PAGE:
The claim of the appellant that section 2381 furnishes authority for an appeal from a judgment entered upon an award, whereby the merits of the award may be reviewed, is in direct conflict with the authorities cited, most of which arose under the Revised Statutes, of which title eight is a substantial re-enactment. Therefore, the principle of the cases arising and decided under that statute is clearly in point, and the cases uniformly establish the doctrine that the merits of an award cannot be reviewed by the court, and that it can review an award only upon the grounds, to the extent and in the manner specified in the statute. Moreover, when the provisions of the Code relating to arbitration are read together and the section relied upon is construed in the light of the entire statute, it is manifest that the only method of attacking an award is by motion to vacate, modify or correct for the reasons enumerated in sections 2374 and 2375. Where such an application has been made and determined, the provisions of section 2381 are applicable, but not otherwise. In such a case, if the application be granted, then, under that section, the defeated party may appeal from the order and thus review the action of the court that granted it. If it be denied, then after the judgment is entered, the party conceiving himself aggrieved by such denial may appeal from the judgment and thus review the action of the court in that respect. It is very obvious that the provisions of that section relating to an appeal apply only to an appeal from the action of the court and were never intended to authorize an appellate court to review the action of arbitrators in the first instance. This is further indicated by the fact that the judgment roll must contain all the papers used upon such an application, the evident purpose being to enable the appellate court to examine and pass upon the action of the court below. But where there has been no such application, then as the provisions of the Code requiring the court to enter a judgment are mandatory, so that it can exercise no official judgment nor judicial discretion, there is nothing which an appellate court can review. If the legislature had intended to confer upon a defeated party the right to appeal from an award upon the merits and thus change the law as it has existed for more than a century, that purpose would have been plainly stated in the statute, and the legislature would have employed language which would have clearly indicated its purpose, especially in view of the fact that no such right existed under the common law. To hold that any court, appellate or other, has the right to review the action of an arbitrator upon the merits of a controversy submitted to him, would entirely subvert the whole system and principle of arbitration and transfer to courts powers which the parties themselves have expressly confided to arbitrators, and that, too, without their consent.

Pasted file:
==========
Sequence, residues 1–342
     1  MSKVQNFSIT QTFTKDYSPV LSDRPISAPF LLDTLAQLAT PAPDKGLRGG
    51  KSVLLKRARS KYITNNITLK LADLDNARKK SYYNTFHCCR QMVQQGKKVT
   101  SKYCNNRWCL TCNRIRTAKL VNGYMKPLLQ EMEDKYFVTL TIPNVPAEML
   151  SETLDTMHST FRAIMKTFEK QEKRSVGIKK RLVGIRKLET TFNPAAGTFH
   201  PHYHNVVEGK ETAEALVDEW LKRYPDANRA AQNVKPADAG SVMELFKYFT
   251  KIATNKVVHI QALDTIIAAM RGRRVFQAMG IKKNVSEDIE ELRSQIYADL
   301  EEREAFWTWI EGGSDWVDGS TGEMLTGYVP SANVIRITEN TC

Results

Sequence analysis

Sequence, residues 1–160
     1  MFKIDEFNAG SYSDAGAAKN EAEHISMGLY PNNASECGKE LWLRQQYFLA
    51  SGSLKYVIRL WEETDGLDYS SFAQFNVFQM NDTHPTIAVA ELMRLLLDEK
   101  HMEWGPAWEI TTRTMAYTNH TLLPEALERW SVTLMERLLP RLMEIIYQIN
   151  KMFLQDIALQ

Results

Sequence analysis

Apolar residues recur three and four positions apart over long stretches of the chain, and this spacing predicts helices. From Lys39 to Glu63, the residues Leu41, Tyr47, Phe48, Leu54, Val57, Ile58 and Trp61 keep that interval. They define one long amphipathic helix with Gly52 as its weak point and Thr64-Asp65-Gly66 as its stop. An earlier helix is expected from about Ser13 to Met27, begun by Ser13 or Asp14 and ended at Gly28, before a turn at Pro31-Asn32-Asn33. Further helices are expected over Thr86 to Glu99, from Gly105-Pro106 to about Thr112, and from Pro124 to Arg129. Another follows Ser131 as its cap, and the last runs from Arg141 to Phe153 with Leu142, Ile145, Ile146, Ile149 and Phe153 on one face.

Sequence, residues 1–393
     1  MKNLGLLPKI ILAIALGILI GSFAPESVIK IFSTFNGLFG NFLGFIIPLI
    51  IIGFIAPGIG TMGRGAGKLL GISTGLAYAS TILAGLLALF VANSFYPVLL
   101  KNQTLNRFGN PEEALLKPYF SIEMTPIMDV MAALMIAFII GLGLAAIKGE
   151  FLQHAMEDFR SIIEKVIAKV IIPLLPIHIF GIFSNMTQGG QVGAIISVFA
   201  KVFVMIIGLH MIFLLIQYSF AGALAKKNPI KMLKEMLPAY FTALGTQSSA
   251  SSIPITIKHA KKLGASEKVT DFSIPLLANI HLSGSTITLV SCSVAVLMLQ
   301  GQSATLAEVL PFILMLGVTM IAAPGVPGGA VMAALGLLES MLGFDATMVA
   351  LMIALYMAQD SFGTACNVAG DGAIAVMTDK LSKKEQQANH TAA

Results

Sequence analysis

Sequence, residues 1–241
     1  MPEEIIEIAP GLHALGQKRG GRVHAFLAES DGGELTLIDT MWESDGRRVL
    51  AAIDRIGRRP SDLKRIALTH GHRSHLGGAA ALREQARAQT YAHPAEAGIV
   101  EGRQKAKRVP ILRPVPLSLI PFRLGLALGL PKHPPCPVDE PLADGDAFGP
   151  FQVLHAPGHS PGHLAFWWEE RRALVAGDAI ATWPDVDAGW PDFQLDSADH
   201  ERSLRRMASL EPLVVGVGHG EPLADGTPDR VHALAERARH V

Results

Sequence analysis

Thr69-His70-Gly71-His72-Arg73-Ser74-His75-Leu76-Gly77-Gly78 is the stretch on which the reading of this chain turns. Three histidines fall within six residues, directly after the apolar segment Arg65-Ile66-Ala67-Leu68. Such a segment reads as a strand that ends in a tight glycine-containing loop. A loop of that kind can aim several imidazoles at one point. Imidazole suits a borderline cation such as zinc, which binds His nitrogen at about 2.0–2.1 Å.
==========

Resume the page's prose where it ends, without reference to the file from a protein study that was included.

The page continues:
Hence, we are of the opinion that the learned Appellate Division correctly held that an appeal from a judgment entered upon the award of an arbitrator, to whom questions of law were submitted under an agreed statement of facts, presented for review only such questions as were raised by a motion under sections 2374 and 2375 of the Code, and that as no such application was made in this case the award of the arbitrator could not be reviewed.

It follows that the judgment should be affirmed, with costs.


Judgment affirmed.

Summaries of

Matter of Wilkins

Court of Appeals of the State of New York
Jan 28, 1902
169 N.Y. 494 (N.Y. 1902)
Case details for

Matter of Wilkins

Case Details

Full title:In the Matter of CHARLOTTE L. WILKINS, Respondent, and WALTER S. ALLEN, as…

Court:Court of Appeals of the State of New York

Date published: Jan 28, 1902


169 N.Y. 494 (N.Y. 1902)
62 N.E. 575